A Once-in-a-Lifetime Jam Session

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Center: Alex Boniello. Background (left to right): Nat Zegree, Jason Loughlin, James Barry, David Sonneborn, Bligh Voth, Scott Moreau

Million Dollar Quartet, the current production at Millburn’s Paper Mill Playhouse, is based on an evening early in December, 1956, when four young singers gathered at the Sun Records studio in Memphis, where each launched his career.

Carl Perkins (James Barry), the writer and original performer of “Blue Suede Shoes,” is hoping for a follow-up hit. Johnny Cash (Scott Moreau) had been avoiding the studio lately because he is holding back news that’s hard for him to relate. Elvis Presley (Alex Boniello) has partially eclipsed the others as the rock ’n’ roll rage and teen idol after his recent appearance on The Ed Sullivan Show. Jerry Lee Lewis (Nat Zegree), young hotshot piano player with an unchecked ego, is a newcomer who hopes that the head of the studio will help make him a big rock ’n’ roll star, too.
Sun Records is the one-room studio. The determinedly independent owner and operator of the enterprise, Sam Phillips (Jason Loughlin), was the first to see the potential of all four, develop their talent, and give them their start.

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Nat Zegree as Jerry Lee Lewis

The impromptu session begins mostly amicably despite tension between Perkins and Lewis, who chimes into Perkins’ singing and guitar work with wild piano flourishes. As the evening continues, the guys perform songs that will become their signature melodies — “Folsom Prison Blues” (Cash), “Great Balls of Fire” (Lewis), “Hound Dog” (Presley), and “See You Later, Alligator” (Perkins) — as their relationship to Phillips and Sun Records and to each other is revealed.
Directed by Hunter Foster, the show combines elements of the juke box musical, with well-known numbers making up the score, and “based on actual events” fiction. Because the characters are giants in the field of music, we know them already, so a lot of exposition isn’t necessary. The book by Colin Escott and Floyd Mutrux wisely keeps the music prominent throughout.

As Cash, Mr. Moreau, dressed in signature black, channels the deep bass-baritone of Cash in his country-infused story songs and is impressive in his rendition of “Sixteen Tons.” His expression is mostly serious, partly to simulate Cash’s demeanor, but also because he is troubled by an uncomfortable career revelation he must make to Phillips.

Mr. Boniello has the toughest job, since Presley is the most famous of the performers represented and the audience has seen him on TV and in movies. The actor is not an Elvis imitator, with exaggerated movements or an over-the-top caricature. Boniello adopts a few of Presley’s better-known mannerisms, some of his stage postures, and tries to convey Elvis’ vocal style. The actor’s stage presence doesn’t come close to Elvis’ charisma, but Boniello is especially effective when he performs a song and interacts with an female audience member, handing her a scarf from around his neck as Elvis would do in his Las Vegas shows. This is a highlight of his performance.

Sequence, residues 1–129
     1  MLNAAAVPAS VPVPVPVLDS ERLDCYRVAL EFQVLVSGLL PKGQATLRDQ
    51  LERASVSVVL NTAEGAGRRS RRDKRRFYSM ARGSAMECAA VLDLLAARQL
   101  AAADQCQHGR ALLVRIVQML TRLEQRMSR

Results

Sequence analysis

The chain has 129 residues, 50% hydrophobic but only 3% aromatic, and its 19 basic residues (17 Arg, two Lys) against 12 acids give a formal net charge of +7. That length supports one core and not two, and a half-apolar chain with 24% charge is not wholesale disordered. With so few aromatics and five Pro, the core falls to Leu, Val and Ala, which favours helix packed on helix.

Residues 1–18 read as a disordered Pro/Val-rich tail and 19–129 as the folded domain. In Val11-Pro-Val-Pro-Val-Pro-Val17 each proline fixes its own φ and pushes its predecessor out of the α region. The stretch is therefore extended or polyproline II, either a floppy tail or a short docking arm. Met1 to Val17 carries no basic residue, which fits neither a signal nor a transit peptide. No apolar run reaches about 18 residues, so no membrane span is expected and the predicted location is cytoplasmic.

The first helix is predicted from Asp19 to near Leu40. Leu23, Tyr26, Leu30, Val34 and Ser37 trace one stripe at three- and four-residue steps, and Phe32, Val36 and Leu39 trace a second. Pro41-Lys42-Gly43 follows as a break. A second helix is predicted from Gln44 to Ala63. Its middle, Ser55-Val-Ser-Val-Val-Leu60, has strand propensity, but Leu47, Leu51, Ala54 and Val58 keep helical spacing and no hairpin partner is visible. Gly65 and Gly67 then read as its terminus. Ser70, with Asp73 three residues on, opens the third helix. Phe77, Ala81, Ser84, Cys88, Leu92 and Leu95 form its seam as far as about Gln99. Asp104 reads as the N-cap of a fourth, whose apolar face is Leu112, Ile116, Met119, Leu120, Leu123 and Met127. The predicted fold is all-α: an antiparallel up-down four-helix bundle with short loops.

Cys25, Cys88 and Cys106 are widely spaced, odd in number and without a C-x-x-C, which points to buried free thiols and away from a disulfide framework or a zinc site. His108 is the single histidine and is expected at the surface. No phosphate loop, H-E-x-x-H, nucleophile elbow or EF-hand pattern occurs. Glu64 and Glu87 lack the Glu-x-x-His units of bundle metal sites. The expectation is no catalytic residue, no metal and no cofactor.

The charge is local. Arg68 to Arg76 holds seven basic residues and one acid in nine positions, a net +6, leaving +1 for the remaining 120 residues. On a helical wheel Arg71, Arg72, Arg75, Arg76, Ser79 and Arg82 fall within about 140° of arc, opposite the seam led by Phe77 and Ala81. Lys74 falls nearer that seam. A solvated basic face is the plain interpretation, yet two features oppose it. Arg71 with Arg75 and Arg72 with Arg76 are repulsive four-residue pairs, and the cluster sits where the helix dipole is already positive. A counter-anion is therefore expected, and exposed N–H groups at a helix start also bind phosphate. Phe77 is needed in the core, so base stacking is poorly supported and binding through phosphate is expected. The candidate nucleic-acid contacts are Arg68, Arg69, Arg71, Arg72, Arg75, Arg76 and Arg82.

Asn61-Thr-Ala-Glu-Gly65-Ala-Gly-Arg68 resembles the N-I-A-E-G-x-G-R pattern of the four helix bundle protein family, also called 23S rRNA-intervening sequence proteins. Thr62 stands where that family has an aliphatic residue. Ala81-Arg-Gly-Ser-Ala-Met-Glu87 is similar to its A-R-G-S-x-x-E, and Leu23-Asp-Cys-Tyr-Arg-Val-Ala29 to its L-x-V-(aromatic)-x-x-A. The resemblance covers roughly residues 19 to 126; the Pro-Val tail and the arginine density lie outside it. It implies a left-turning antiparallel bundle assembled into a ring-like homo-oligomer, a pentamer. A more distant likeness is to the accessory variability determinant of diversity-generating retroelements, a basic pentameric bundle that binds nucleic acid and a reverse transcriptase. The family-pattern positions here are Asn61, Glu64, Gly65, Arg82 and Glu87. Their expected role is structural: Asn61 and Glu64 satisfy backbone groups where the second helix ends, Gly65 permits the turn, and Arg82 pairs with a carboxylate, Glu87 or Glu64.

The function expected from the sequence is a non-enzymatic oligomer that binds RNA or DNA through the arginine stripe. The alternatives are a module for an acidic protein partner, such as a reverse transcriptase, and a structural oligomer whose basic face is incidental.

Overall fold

Because of financial issues, Phillips was forced to sell Elvis’ contract to the record giant, RCA Victor, which has been courting Phillips, too, to come to New York and work with Presley. Executives at the label have little confidence in the longevity of Elvis’ fame, and don’t know what to do with him. Presley, acknowledging Phillips’ importance in putting him on the musical map, is there to coax him to take the offer from RCA.

Mr. Barry’s Perkins looks right at home in the studio, his love of music apparent in every electric guitar chord and his body that simply can’t remain still. He’s serious about his music, resents Presley’s getting a hit with Perkins’ own “Blue Suede Shoes,” and is adamant about recording another hit, which has been eluding him.

As Jerry Lee Lewis, Mr. Zegree is a wonder. Not only does he play the piano ferociously and with jaw-dropping acrobatics, but he is the virtual energy machine for the production. His performance captures the creative on-stage wildness of Lewis, but he also knows how to get a laugh, whether teasing an unamused Perkins, posturing gleefully atop his piano, or swaggering across the stage. Playing the youngest of the four principals, Zegree combines youthful exuberance and arrogance with pure fun. His finest moment comes toward the end when he performs “Whole Lotta Shakin’ Goin’ On” and gives a new meaning to show stopper. His performance here is one of the most unbridled, joy-filled delights I’ve ever seen on stage. The opening night audience was on its feet, appropriately caught up in the excitement he generated.

Also in the cast are Bligh Voth as Dyanne, an attractive young woman who accompanies Elvis to the studio. She occasionally performs back-up to the various performances and has two nice solos — the Peggy Lee standard “Fever” and the rhythm and blues standard, “I Hear You Knockin.”

Two back-up musicians are played by David Sonneborn (drums) and Sam Weber (bass). Weber appeared at Paper Mill in Pump Boys and Dinettes and gives his instrument a pretty wild onstage workout.

Million Dollar Quarter will run through April 23. Performances are Wednesdays at 7:30 P.M., Thursdays at 1:30 and 7:30 P.M., Fridays at 8 P.M, Saturdays at 1:30 and 8 P.M., and Sundays at 1:30 and 7 P.M. Tickets start at $34 and may be purchased by calling (973) 376-4343, or at Paper Mill Playhouse box office at 22 Brookside Drive in Millburn, or on online at www.papermill.org.


About Author

For over 25 years, I was the Film and Home Entertainment Reviewer for "The Villadom TIMES," a New Jersey weekly newspaper, and have written for several other publications. I developed and taught a Film Studies program for two New York City high schools that included Film History, Horror/Fantasy, and Film Making.